This item has been updated.
Flanked by Vice President Biden, Obama said that "After nearly a century of talk, decades of trying, a year of bipartisan debate, we finally declared that in America, health-care is not a privilege for a few but a right for all.
"Over those five years, as we’ve worked to implement the Affordable Care Act, there have been successes and setbacks -- the setbacks I remember clearly," the president said.
By a 6-3 vote, the court affirmed an Internal Revenue Service ruling that the subsidies should be available not only in states that have set up their own health insurance exchanges, but also in states where consumers rely on the federal government exchange.
Chief Justice John G. Roberts Jr. was joined by Justices Anthony M. Kennedy, Ruth Bader Ginsburg, Stephen G. Breyer, Sonia Sotomayor and Elena Kagan. Opposing the decision were Justices Antonin Scalia, Clarence Thomas and Samuel A. Alito Jr.
The ruling capped several years of legal challenges to Obama's signature domestic policy achievement. On Thursday, he pleaded with Republicans to end their years of legislative and legal challenges to the law and to work with him to embrace the legislation and help explain it to skeptical Americans.
"Today, after more than 50 votes in Congress to repeal or weaken this law, after a presidential election based in part on preserving or repealing this law, after multiple challenges to this law before the Supreme Court, the Affordable Care act is here to stay,” he said.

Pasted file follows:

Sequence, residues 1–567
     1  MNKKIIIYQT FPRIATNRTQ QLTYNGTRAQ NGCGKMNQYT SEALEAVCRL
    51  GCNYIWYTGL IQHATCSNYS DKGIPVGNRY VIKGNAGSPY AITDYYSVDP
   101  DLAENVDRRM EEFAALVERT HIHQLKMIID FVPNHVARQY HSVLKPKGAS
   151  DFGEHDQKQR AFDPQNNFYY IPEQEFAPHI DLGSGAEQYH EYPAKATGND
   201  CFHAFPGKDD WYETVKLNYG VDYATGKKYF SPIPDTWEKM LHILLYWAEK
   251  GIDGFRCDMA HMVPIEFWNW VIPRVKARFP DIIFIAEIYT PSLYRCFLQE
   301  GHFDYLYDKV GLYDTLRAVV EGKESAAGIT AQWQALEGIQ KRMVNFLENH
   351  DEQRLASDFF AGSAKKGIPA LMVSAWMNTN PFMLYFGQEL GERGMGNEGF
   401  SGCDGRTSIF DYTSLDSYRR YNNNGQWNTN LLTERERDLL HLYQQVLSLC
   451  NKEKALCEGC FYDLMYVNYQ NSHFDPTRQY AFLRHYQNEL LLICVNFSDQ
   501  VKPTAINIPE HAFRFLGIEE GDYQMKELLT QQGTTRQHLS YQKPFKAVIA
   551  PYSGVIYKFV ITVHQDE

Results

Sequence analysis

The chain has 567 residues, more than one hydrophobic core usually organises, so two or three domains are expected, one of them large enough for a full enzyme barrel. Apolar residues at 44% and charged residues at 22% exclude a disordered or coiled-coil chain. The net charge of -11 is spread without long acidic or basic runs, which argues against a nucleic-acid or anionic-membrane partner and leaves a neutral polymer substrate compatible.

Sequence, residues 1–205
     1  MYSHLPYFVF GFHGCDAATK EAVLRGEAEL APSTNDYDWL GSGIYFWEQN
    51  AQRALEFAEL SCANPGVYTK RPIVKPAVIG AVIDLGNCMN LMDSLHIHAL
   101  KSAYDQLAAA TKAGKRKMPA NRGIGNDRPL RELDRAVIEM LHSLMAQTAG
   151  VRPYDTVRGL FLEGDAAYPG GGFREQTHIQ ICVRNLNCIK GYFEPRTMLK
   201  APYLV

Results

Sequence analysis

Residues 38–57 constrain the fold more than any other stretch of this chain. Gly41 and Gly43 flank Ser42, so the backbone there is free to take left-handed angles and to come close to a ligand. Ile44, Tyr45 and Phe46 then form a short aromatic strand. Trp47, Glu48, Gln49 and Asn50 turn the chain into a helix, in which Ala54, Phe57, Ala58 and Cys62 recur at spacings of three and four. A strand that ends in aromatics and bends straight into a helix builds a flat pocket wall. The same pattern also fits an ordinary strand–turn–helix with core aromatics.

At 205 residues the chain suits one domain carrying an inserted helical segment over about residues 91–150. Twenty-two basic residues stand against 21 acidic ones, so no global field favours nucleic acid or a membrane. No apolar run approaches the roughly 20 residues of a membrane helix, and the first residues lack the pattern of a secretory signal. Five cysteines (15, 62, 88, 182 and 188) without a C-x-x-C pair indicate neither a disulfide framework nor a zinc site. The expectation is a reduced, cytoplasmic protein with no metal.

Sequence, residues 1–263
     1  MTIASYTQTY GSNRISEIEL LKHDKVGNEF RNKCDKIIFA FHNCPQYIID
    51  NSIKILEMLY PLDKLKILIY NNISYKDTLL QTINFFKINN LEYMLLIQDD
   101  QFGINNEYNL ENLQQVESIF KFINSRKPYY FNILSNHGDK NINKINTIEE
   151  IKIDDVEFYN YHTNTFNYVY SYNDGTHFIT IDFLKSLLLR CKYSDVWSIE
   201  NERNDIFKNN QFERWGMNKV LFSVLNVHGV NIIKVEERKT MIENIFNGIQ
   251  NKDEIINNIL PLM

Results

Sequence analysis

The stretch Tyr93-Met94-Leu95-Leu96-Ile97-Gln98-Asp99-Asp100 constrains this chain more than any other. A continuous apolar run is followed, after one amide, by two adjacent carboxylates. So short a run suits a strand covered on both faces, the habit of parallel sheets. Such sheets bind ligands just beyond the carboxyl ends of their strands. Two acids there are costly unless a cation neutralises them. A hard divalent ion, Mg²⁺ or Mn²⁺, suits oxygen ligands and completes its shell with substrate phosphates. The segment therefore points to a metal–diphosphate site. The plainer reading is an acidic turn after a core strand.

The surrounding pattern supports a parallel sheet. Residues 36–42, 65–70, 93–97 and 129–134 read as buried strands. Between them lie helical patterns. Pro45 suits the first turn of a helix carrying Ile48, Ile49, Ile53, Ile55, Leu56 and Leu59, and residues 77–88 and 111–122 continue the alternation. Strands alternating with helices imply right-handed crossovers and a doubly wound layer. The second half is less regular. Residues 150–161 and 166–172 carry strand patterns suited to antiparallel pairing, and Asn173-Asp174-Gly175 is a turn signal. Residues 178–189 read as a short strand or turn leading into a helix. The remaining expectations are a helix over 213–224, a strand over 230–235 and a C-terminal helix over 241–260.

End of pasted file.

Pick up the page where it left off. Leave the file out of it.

"This is no longer about a law, this is not about the Affordable Care Act as legislation or Obamacare as a political football, this is health care in America," he added later. "And unlike Social Security or Medicare, a lot of Americans still don’t know what Obamacare is beyond all the political noise in Washington. Across the country there remain people are directly benefiting from the law but don’t even know it."
While embracing the legal victory, Obama said that his administration remains committed to improving the law and that he would work to convince Republican governors and state legislators that they should expand Medicaid in their states despite political pressure.
In his roughly 12 minutes of remarks, Obama sought to tie the Affordable Care Act to other American programs that have withstood initial skepticism, only to persevere and provide assistance to millions of Americans.
"Three generations ago, we chose to end an era when senior were left to languish in poverty. We passed Social Security and slowly it was woven into the fabric in America and made a difference in the lives of millions of people," he said. "Two generations ago we chose to end an age when Americans in their golden age didn’t have the guarantee of health-care. Medicare was passed, and it helped millions of people."
"This generation of Americans chose to finish the job, to turn the page on a past when our citizens could be denied coverage just for being sick," he added.
“This was a good day for America,” he said as he concluded his comments. “Let’s get back to work.”